After 15 years, Arab nations finally won agreement from the United States and the other nuclear powers to take the first step toward banning nuclear weapons from the Middle East. Now, the next move is Israel's.
Although the U.S. joined the 188 other member nations of the Nuclear Nonproliferation Treaty on Friday in giving a green light to a conference in 2012 "on the establishment of a Middle East zone free of nuclear weapons and all other weapons of mass destruction," senior U.S. officials appeared to backtrack afterward, setting several conditions for the talks to go ahead.
Taking the toughest line, U.S. National Security Adviser Gen. James Jones said in a statement Friday night that the United States has "serious reservations" about the 2012 conference and believes Mideast peace and full compliance by all countries in the region to their arms control and nonproliferation obligations "are essential precursors." The compliance demand appeared to be aimed at Iran, which the U.S. believes is pursuing a nuclear weapons program despite Tehran's claims its only goal is nuclear power.
Jones also strongly defended longtime U.S. ally Israel, which was singled out for not being a member of the NPT. He said the United States "deplores" the naming of Israel which puts prospects for the 2012 conference "in doubt." As a cosponsor of the conference, Jones said the United States will ensure that it will only takes place "if and when all countries feel confident that they can attend."
The Arab proposal for a WMD-free zone – to pressure Israel to give up its undeclared arsenal of perhaps 80 nuclear warheads – was endorsed by the 1995 NPT conference but never acted on. At this month's NPT review, a conference to begin talks on a nuclear-free Mideast was considered by many delegates as "the make-or-break issue," and agreement on the 2012 meeting was widely welcomed after the 28-page final declaration was approved by consensus.
U.S. reaction raises questions
But the U.S. reaction raised questions and doubts about whether Israel, Iran and other countries in the Mideast will even hold a meeting in two years.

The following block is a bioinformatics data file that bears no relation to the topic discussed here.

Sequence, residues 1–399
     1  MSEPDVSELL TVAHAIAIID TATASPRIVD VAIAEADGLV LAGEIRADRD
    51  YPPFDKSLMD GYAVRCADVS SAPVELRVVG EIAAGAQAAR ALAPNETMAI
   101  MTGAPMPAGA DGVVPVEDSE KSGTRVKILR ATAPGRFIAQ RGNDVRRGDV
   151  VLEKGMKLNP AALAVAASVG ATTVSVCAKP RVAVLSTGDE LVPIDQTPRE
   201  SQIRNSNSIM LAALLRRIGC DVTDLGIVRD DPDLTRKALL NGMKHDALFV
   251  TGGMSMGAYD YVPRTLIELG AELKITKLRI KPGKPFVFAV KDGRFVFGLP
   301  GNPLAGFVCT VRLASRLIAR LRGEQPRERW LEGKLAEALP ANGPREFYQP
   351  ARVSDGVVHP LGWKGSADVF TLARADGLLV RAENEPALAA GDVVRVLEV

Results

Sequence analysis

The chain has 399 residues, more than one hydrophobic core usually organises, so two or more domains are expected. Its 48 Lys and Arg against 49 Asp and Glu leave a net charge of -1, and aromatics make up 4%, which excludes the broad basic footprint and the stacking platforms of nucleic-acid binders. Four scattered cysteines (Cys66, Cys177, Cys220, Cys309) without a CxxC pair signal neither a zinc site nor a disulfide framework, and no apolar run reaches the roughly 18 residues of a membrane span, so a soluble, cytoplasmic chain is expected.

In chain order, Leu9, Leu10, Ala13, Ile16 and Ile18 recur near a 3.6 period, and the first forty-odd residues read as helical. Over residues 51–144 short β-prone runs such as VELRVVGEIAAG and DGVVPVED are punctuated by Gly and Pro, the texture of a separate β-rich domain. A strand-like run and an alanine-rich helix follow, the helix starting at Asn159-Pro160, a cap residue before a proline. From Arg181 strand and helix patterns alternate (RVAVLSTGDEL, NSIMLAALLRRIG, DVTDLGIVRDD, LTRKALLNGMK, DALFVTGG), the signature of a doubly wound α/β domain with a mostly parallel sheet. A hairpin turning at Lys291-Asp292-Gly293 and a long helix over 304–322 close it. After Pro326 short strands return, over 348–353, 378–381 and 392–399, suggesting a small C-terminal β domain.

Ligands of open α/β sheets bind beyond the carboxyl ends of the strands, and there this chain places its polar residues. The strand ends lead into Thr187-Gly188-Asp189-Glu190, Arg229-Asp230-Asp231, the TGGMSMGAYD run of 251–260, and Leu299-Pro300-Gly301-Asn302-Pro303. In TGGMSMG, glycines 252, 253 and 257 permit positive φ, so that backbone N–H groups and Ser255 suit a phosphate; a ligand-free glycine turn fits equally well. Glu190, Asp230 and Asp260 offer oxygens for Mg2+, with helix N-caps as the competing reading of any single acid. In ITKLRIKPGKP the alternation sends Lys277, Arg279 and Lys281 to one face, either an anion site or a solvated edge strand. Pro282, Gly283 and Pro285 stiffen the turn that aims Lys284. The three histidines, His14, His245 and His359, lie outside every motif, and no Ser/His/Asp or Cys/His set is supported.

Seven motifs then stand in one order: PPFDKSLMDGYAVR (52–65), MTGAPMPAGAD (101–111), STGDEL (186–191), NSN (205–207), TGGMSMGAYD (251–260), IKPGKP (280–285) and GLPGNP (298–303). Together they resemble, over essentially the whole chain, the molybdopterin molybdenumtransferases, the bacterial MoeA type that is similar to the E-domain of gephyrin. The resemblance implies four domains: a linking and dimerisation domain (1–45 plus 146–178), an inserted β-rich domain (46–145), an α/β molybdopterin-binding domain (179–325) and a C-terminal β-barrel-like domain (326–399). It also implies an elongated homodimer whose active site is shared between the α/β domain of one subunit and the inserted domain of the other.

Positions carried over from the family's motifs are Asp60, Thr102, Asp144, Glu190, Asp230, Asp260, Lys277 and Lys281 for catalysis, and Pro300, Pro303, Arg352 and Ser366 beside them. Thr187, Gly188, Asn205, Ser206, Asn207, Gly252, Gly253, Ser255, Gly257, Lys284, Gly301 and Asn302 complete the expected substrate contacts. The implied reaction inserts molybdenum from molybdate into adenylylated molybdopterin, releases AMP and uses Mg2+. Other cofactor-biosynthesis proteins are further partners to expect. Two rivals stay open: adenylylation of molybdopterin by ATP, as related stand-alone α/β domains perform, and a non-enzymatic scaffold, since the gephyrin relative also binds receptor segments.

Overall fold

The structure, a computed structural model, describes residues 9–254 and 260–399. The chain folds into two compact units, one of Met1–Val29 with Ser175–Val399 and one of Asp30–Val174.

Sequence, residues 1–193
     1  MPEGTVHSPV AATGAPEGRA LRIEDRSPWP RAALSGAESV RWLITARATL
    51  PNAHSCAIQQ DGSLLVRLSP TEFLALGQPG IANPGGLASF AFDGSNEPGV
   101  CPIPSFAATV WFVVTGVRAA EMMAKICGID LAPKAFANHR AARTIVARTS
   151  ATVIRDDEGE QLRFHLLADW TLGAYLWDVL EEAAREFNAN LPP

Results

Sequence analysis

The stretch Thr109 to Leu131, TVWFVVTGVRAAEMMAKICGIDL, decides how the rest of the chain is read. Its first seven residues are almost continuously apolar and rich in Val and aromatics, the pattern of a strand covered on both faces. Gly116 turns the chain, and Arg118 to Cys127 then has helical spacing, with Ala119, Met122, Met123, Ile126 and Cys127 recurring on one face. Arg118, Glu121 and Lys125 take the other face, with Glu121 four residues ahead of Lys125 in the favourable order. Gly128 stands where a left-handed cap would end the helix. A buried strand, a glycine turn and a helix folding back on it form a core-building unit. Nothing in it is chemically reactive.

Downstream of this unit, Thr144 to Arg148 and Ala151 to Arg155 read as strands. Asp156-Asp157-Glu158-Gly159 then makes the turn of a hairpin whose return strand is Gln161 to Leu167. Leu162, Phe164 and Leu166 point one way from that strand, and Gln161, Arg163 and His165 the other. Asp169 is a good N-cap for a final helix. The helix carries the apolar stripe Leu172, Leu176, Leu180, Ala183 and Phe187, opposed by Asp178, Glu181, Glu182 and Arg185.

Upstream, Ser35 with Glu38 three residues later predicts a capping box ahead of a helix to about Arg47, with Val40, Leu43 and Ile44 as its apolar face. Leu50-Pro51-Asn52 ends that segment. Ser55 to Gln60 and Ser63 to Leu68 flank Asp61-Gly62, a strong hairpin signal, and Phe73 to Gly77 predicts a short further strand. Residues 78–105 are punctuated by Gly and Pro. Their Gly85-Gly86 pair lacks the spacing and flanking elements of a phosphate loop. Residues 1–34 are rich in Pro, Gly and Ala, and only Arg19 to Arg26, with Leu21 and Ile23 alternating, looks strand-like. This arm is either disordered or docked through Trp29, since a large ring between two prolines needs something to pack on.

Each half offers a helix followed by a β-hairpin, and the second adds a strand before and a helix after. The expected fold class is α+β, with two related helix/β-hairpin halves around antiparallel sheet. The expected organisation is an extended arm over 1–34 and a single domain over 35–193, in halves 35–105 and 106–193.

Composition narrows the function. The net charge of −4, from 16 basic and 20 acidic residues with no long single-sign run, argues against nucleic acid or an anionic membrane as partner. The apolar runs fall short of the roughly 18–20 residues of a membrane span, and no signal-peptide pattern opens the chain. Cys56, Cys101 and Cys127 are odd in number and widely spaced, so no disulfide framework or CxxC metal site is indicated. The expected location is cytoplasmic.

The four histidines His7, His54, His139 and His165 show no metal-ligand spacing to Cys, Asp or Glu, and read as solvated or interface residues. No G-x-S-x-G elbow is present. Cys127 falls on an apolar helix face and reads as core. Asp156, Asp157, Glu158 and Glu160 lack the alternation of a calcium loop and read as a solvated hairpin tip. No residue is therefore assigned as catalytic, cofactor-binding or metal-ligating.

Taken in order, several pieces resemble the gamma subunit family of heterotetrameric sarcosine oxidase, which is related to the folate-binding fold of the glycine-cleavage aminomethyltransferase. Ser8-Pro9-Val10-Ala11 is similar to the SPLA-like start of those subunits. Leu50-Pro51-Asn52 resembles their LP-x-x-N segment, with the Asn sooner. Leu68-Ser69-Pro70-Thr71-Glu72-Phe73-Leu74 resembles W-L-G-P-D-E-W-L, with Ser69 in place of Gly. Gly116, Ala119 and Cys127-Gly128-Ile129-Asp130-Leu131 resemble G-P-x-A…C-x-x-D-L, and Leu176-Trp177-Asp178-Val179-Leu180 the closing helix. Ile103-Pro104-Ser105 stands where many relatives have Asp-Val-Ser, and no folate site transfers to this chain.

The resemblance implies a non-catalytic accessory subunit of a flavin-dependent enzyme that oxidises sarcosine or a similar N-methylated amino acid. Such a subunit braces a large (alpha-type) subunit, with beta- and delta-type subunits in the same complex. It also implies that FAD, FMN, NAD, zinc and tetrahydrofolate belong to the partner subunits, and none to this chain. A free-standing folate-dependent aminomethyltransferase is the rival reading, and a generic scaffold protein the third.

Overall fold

Several delegates suggested that earlier comments by U.S. Undersecretary of State Ellen Tauscher and President Barack Obama's coordinator for weapons of mass destruction, Gary Samore, warning about the difficulties of holding a conference and persuading Israel to attend may have been sparked by the upcoming visit of Israel's Prime Minister Benjamin Netanyahu to the White House on Tuesday.
Egypt's U.N. Ambassador Maged Abdelaziz, speaking for the 118-nation Nonaligned Movement of mainly developing countries, said that during the negotiations there was "a little bit of disagreement" on mentioning Israel.
But he said NAM members thought that since the document issued at the end of the 2000 NPT review conference mentioned the need for Israel to join the treaty and subject its nuclear capabilities to International Atomic Energy Agency safeguards there was "no going back on that commitment" and Israel had to be mentioned in the 2010 document as well.
A Mideast conference on nuclear issues would put Israel and Iran, which has called for the destruction of the Jewish state, at the same table. But Abdelaziz told reporters the two countries already sat down at the same table at a meeting in Cairo last December.
"So there is nothing that could prevent any two adversaries to sit at the table and negotiate, and we hope that this is the spirit that everybody is going to be doing," he said.